Fifteen minutes later, he had been through every aisle at least once, and half of them twice that, and he was starting to get seriously irritated. He'd returned to the aisle which held every other kind of pickle for the third time now, and was staring at the selection: full pickles, half pickles, chunks, dill relish, sliced sweet pickles – really, it didn't matter that much. He should just pick one, but this was starting to become a matter of pride. Where the hell were they? There wasn't any empty shelf space to indicate they might be out of stock, either, so where the hell were those freaking pickles?

"Having trouble?" someone said, and Miles jumped. He hadn't heard anyone approaching. When he turned to see who it was, his heart did a humiliating little lurch, and his irritation all but melted away.

"Oh – it's you. I didn't think you'd be working now."

Phoenix grinned as widely as he ever did, adjusting his grip on the basket of peanut butter jars he was carrying. "Well, I wasn't expecting to see my favorite customer at this time of night either, but here we are! Need some help?"

Miles was terrified for a moment that he might be blushing. "Favorite customer? You don't even know my name."

Phoenix laughed. "Good point. What's your name?"


"That's kind of a weird first name," Phoenix remarked, scratching the back of his head. "Although I guess I'm not one to talk."

Miles snorted, averting his gaze. "That's because it isn't my first name; it's my last. Are you telling me that someone really named you Phoenix?"

Phoenix ignored Miles' dig at his name, brows furrowing in confusion. "Well, what's your first name, then?"

"Why should I tell you?"

"I told you! You're my favorite customer. You've always got that scowl on your face, like you can't believe you're being forced to go shopping, again – it's hilarious." Phoenix laughed again, then leaned in close and whispered in Miles' ear: "Actually, I bet half the old ladies only stand in my line because that's where you are. Quite a few of them have told me they think you're adorable, you know."

Miles shivered. Phoenix's breath was warm, his voice was low, and it took a moment to process what he'd actually said as opposed to just how he'd said it.

"What about you?" he asked, then immediately regretted it. Miles crouched down on the pretense of examining a lower shelf, and clenched his teeth. Why had he said that. Damn it, he was definitely blushing now.

Phoenix began unloading his basket of peanut butter onto the shelf. His voice, when he next spoke, was unconcerned, if a bit musing. "Well, I guess it's possible… But I don't really think so." He glanced down at the same time as Miles jerked his head up, and their eyes met. Phoenix grinned. "They're not really very shy, you know? I don't think they'd hesitate to let me know if they thought I was adorable."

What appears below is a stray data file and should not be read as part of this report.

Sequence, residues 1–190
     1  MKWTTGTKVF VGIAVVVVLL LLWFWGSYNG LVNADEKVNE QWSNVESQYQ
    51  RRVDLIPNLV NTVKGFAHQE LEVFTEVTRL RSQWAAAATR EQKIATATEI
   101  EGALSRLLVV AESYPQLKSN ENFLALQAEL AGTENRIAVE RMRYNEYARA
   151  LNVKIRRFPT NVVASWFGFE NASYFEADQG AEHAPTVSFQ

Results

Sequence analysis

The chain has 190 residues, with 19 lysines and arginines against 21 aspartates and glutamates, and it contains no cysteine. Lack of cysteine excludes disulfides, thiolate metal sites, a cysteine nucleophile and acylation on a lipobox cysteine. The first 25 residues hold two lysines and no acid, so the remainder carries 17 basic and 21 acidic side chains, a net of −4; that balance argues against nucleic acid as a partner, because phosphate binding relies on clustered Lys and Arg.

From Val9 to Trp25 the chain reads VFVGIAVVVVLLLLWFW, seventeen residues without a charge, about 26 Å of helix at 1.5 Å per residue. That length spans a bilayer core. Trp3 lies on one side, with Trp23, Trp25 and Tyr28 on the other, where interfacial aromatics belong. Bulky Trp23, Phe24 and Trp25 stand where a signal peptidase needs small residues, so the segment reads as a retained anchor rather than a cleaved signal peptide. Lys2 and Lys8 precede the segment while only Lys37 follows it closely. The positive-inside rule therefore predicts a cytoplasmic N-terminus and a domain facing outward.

It took Miles a moment to catch up. He sighed, relieved. "I forgot. You're an idiot."

Phoenix scowled – "Hey, that's uncalled for!" – and dropped a hand down on Miles' head just as he was standing up. He ruffled Miles' hair roughly, then stepped back, looking satisfied. "That'll show you."

Miles took a long moment to compose himself, before he reached up and pushed his long bangs back out of his face. He was very careful to be scowling as he did so, but he couldn't really do anything about the redness of his cheeks. "That's no way to treat a customer."

Phoenix's eyes widened. "Oops! You're right. Here," he bowed, presenting the top of his head. "Do me."

Miles resisted the urge to slam his head against the shelf. That had to be on purpose. "No thanks. I'd rather not stab myself on your quills."

Phoenix straightened – and of course, he was grinning. "Oh come on, my hair's not that spiky."

Miles raised an eyebrow noncommittally.

"I guess you might think it was though, at least in comparison." Phoenix's grin shifted into a small, teasing smile. "Your hair's really soft, I bet you wash it like three times a day."

Miles took a deep breath. "I'm looking for sliced dill pickles."

For a moment, Phoenix looked rather disappointed. But then his smile returned and he placed his last few cans of peanut butter on the shelf. "Oh yeah, right. Follow me."

He led the way to the canned goods aisle. Hidden on the top shelf, between overlarge jars of creamed mushroom soup and a prodigious selection of olives, were the elusive pickles. Miles' mouth dropped open. "That doesn't make any sense."